This is easily one the most common and yet difficult problems most people face in the workplace—stench. But for some people, this is an ongoing and unavoidably significant issue.
Listen, everyone enjoys some garlic and onion from time to time. No problem, right? Just avoid them like the plague for the rest of the day. We’re talking about those special few who either don’t own deodorant or seem to visit the shower only once a week.
Lancashire Business View, based out of the UK, published an interesting article by Metis HR about this issue with some surprising stats to back up their information.
The stats from the research by the University of Bristol into body odour helps us work out that 0.5% of the working population of the UK smell and that 109,500 UK employees should use deodorants but don’t.
That doesn’t sound too bad, right? 109,500 people seems pretty low. But try to imagine each and every one of those numbers spread out across different companies and the issue becomes more than a nuisance but a real problem.
One in every 200 British employees has a body odour problem which means that 6% of UK employers are likely to have an employee who smells. That’s 1 in every 17 workplaces!
This is a nightmare. I can tell you from experience that working with someone who stinks is the utmost sort of unpleasant way to spend your workday. It’s not just passing by their cubicle, it’s the trail of smell they leave behind them as they traverse the office, like some sort of nauseating maze you have to get through just to make it to the kitchen. So why do some people stink so bad? You may be surprised to find that men sweat twice as much as women. Also, Fish Odor Syndrome is a legit genetic problem some people face in which their sweat smells fishy. And the biggest smelly sweat of them all comes from stress, so it’s not so surprising to find that stinky problem in the workplace. What’s the solution, then? The article went on to give some great tips on how to broach this touchy subject:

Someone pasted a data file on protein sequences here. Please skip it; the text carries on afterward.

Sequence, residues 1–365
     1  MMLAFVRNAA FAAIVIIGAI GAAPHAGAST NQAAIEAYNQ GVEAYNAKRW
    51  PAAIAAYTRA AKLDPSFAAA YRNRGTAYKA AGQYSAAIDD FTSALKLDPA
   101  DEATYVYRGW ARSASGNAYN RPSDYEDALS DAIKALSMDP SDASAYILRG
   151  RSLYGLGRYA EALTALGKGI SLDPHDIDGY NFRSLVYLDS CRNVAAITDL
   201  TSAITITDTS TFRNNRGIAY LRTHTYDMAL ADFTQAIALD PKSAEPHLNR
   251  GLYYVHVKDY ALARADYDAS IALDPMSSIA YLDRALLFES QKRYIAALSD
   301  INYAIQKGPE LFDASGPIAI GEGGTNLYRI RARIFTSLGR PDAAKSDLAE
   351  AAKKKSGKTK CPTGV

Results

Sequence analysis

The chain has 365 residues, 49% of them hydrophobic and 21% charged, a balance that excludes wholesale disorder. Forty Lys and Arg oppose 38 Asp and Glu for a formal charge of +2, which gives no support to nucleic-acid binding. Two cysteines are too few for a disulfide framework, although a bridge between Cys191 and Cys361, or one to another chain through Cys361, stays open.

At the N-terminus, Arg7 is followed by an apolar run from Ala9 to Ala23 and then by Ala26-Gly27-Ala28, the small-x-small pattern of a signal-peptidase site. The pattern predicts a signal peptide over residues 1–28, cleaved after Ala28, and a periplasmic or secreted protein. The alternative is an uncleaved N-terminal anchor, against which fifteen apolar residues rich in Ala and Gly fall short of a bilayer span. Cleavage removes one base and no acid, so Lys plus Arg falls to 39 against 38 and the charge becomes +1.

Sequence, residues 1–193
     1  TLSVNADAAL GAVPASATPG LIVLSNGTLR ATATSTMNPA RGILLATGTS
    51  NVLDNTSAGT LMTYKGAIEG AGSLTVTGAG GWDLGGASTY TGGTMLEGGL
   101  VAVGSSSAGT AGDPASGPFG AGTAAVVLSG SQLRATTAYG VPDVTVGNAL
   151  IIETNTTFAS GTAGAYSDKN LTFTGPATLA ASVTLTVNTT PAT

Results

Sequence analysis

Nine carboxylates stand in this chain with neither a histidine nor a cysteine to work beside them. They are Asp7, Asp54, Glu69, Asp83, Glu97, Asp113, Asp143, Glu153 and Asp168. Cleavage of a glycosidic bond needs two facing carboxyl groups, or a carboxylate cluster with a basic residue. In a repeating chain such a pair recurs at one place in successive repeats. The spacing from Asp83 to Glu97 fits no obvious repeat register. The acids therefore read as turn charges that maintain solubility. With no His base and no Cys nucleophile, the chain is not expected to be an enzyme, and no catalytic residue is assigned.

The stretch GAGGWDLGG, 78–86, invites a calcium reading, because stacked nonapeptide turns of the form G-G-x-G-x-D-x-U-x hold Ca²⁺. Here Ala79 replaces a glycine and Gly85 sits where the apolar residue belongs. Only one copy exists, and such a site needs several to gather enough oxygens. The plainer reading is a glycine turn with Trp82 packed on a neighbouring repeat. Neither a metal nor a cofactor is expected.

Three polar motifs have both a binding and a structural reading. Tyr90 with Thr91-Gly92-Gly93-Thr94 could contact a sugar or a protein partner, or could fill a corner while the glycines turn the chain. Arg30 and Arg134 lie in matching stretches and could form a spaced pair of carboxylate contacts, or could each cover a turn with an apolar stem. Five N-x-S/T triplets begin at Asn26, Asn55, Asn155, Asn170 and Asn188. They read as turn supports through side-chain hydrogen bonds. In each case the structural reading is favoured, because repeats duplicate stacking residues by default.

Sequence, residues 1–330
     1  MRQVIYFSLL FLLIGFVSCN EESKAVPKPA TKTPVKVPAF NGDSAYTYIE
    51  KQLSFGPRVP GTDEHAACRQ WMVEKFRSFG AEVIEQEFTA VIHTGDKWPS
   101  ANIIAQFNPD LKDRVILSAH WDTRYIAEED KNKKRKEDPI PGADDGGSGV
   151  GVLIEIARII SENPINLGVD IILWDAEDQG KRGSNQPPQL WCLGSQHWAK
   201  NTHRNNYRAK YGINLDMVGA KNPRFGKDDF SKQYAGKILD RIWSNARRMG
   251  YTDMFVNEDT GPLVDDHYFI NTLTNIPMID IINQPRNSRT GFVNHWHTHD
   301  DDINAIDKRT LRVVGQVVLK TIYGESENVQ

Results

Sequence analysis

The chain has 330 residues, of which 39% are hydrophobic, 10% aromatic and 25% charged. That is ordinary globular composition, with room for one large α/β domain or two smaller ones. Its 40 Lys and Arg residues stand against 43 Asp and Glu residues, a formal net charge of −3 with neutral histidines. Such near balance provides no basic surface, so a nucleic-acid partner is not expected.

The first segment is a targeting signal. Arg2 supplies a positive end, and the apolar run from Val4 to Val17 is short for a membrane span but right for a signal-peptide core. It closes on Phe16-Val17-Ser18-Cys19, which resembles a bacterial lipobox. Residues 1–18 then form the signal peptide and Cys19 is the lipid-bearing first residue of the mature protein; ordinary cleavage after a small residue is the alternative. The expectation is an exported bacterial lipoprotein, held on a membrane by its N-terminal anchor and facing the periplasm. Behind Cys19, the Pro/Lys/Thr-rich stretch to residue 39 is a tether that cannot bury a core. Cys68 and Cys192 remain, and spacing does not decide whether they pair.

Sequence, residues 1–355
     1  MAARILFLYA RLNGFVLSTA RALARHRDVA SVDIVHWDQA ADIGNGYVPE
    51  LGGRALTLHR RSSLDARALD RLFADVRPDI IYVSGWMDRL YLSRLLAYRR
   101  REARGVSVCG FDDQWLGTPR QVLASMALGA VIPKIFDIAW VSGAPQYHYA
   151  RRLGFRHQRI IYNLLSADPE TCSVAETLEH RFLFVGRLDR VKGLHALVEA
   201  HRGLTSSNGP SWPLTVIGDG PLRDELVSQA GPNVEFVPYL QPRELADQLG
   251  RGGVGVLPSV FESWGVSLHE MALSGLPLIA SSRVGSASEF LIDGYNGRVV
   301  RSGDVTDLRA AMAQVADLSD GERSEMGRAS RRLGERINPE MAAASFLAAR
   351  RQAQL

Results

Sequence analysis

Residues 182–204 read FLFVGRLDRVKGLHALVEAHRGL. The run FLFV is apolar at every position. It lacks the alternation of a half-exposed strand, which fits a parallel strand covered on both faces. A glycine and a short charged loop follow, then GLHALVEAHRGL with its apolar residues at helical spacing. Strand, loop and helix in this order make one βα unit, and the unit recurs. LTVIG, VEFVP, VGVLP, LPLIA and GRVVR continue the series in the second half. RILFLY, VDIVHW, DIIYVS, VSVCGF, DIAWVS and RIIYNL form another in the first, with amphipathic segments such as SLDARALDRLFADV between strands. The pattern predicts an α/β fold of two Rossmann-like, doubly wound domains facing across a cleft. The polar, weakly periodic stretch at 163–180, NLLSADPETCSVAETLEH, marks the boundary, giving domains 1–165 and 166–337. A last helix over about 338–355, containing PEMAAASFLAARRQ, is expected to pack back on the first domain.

- Talk to the employee in private.
- Start with a soft approach.li>
- Do not say that people are talking about the smell or that people are complaining. Own the problem yourself and say that you’ve noticed the problem.
- Tell the employee what the problem is as you see it.
- Try to attach the problem to a business issue eg the impact on customers or colleagues.
- Ask the employee if they have any medical problem that you need to be aware of; there are medical conditions which can affect how much a person sweats (hyperhidrosis) and what their sweat smells like (Fish Odour Syndrome).
- Ask the employee if there is anything in their personal life which could be causing the problem (finding out an employee has lost their home or is living somewhere with no washing facilities is likely to provoke a different reaction from most employers than someone just not bothering to shower).
- Set out your expectations for improvement and a date when you will meet again to review the situation.
- Ask if there is anything you can do to help the employee achieve the improvements.
- Reassure the employee that this informal conversation with them will remain a private matter between the two of you.
- Make a diary note of the conversation.
- Monitor the situation discreetly and hold your review meeting.
Basically, what it comes down to is handling this problem with care. Your employees are people with feelings and insecurities all their own, so take into account that this is something that could be out of their control or maybe an issue they need help with. Discretion and compassion are key!